Middle-age has its symptoms. In my case, I sense an old flame flaring up. My passion for travel, especially to the mountains, is getting a fresh supply of oxygen with each passing year. Every experience leaves me craving for more: a more exotic and a more adventurous fix. Best of all, instead of threatening my marital life, mountains help us spend time together away from the constantly ringing phones, endless homework, and the relentless tube.
For about 15 years, my passion has been simmering on low burn: I was embroiled in gynecologists and pediatricians (not to mention the associated bills), annual reviews and bank balances (or lack thereof). But as the children started growing up, and the bank stopped sounding like a reminder of inadequacies, I tentatively cranked up the fire. It started with a weekend visit to Kasauli (twice). Next, it was Shimla (thrice). Then, we moved further afield, to Ranikhet (once). Finally, we managed Manali (thrice). The family had caught the mountain bug but we soon discovered that we could, at best, visit a hill-station twice before getting jaded. We had to find something more ‘far-out’, more remote, more challenging or just more unknown.
Last winter we decided that we were ‘done’ with Manali. We had spent two summer vacations and one winter vacation there. We had become too familiar with the town, the mountains, and the painted rocks in the river bed (in spite of the court ban) and even the menu cards of the restaurants, which incidentally never change. When you become too familiar with a place you do not quite feel like a traveler any more. To be a traveler is to be an outsider. We had to move on from Manali.
This summer we decide to explore a lesser known part of Himachal, Kinnaur. The district of Kinnaur is well-known for its apples but not too many people go there. Perhaps because it doesn’t have a mall road and there are very few hotels with cable TV and bars. To be honest, I may be mixing up the cause and effect here, but either way Kinnaur is sufficiently remote –- you are unlikely to get caught up in a traffic jam of Maruti cars full of bandana-wearing young men playing loud techno music. Yet you could, if you try hard, find someone to fix a puncture (we had to drive 50 kilometers to fix one).
If you follow National Highway 22 out of Shimla you will, eventually, reach a place called Kaurik: I say ‘eventually’ because you would need a load of gas and an even bigger load of patience and courage to get there. We were planning to turn off NH-22 at Karcham (200 kms from Mashobra), perhaps half way to Kaurik, and head towards Sangla (17 kms from Karcham). My friend Vinod, intrepid cyber expert, had crawled the Net and made all our bookings. For our first stop, he had booked all of ‘us’ into a place called Rupin River View at Rakcham, 13 kms uphill from Sangla. ‘Us’ was an odd group of five middle-aged men, seven kids, two teenagers, and one lone ‘mom’, distributed between two Mahindra Scorpios and one Tata Indigo.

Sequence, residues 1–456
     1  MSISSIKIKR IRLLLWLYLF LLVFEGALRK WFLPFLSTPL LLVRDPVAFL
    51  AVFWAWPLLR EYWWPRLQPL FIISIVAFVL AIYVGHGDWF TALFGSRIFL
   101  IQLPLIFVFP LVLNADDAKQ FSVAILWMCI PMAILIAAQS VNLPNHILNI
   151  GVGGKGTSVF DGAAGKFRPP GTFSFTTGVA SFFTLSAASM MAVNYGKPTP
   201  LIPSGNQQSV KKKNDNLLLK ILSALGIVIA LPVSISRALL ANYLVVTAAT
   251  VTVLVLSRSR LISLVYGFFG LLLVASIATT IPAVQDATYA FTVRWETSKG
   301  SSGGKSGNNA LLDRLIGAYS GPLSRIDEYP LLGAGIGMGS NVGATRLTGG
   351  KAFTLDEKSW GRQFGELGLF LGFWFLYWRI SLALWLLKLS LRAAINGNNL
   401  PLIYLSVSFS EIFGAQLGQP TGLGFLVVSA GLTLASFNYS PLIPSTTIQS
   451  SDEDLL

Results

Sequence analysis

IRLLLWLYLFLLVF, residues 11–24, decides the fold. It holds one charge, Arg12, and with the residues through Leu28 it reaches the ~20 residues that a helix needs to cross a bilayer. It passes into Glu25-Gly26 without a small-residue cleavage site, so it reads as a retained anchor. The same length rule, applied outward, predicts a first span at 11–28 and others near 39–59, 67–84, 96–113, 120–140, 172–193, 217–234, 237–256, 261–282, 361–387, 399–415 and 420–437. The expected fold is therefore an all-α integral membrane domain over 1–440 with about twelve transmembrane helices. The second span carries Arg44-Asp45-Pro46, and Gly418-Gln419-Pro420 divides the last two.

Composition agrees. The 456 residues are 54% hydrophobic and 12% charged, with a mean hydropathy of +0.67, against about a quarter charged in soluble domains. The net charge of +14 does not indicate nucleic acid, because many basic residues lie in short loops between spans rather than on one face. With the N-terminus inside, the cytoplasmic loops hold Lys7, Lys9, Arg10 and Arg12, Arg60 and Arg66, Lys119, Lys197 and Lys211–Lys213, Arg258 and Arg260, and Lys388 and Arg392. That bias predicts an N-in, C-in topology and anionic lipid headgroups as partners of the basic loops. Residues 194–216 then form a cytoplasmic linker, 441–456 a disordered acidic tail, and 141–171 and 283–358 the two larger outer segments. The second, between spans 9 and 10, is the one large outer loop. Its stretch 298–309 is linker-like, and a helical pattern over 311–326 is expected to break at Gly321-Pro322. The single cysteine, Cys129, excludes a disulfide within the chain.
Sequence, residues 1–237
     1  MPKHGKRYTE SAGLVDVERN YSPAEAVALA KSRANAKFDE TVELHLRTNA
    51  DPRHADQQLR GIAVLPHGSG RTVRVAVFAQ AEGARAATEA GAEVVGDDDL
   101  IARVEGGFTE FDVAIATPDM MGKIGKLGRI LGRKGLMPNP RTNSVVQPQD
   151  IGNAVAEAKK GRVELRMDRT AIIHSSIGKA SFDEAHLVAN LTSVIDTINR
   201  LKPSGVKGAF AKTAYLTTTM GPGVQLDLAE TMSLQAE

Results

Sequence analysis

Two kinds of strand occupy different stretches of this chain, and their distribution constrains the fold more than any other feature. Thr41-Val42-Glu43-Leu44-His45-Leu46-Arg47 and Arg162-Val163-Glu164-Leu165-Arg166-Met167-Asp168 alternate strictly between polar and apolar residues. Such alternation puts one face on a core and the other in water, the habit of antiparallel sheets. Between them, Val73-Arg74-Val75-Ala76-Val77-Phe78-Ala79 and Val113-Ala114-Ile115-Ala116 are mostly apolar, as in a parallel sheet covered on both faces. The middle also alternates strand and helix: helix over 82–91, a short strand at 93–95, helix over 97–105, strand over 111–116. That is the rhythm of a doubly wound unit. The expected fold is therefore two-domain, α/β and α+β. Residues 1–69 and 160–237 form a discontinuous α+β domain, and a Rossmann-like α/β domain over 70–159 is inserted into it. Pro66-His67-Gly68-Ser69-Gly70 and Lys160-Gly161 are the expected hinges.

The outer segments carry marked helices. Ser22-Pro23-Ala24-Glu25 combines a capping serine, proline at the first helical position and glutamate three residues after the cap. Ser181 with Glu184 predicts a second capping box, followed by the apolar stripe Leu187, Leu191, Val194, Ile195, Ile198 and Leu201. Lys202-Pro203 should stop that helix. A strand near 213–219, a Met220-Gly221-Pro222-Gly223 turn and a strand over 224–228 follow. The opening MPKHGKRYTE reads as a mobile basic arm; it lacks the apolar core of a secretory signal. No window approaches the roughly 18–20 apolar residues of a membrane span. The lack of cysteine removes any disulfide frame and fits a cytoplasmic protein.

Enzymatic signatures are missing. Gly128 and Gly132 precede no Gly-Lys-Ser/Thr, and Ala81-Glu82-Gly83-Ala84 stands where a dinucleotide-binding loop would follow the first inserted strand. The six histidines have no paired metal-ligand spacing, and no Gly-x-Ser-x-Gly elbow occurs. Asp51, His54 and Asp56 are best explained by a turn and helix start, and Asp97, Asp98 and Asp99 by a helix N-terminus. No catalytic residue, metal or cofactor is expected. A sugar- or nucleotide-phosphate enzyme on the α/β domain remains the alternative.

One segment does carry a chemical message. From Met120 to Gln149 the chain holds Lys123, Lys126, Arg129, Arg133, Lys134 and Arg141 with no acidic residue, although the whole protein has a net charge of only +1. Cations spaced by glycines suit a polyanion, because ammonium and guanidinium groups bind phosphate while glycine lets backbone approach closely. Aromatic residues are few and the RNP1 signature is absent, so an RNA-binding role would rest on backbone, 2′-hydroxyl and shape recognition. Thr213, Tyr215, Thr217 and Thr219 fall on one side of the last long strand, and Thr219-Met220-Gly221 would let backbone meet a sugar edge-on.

We (my wife – the lone ‘mom’ – our two children and I), had already spent three days in Mashobra, and were supposed to meet up with the rest of the gang at Narkanda (50 kms from Mashobra), where they had spent the previous night. We didn’t, because the breakfast at the Oberoi’s Wildflower Hall, like on the previous two days, was an elaborate event to be enjoyed leisurely. I wasn’t unduly worried. I knew that sooner or later we would catch up with the two cars ahead of us. Not because I pride myself with driving fast on the hills, but because there is a law of convoy driving – the speed of the convoy decreases by 10 per cent with every additional vehicle. So we had a 10 per cent speed advantage over them, till we caught up with them.
Beyond Narkanda, as you drive the 70-odd kms to Rampur Bushehr, you encounter, perhaps the most beautiful green mountains that you can see in this part of the world. Some IFS (Indian Forest Service) officer deserves credit for this –- it looks too green and too close to civilization to be a natural forest, so my guess is that some reforestation program has actually worked. About 10 kms outside Narkanda, as we took a sharp turn on the exceptionally well-paved and reasonably wide road we suddenly encountered a silver-coloured Scorpio and a blue Indigo parked on the verge. Odd place to park, I thought, and almost revved on, because the vehicles were not the colour I was looking out for. Just then, my eye came to rest on the roof of the stationary Scorpio. A large framed, bespectacled man, with peppery hair and beard, was perched on the roof rack tying down lose pieces of luggage. What is a dignified looking man doing on top of a Scorpio behaving like a ‘khallasi’? Oh, it is my friend Dinesh, I realize as I pass them, and quickly pull over. Didn’t he have a green Scorpio, I ask my wife… There’s obviously been some confusion at our end. One of their bags had fallen off the roof rack and was making an independent journey to Rampur! The errant bag was refastened, a moment was taken for the kids to holler their hello-s, and the convoy — now in full strength — was ready to roll.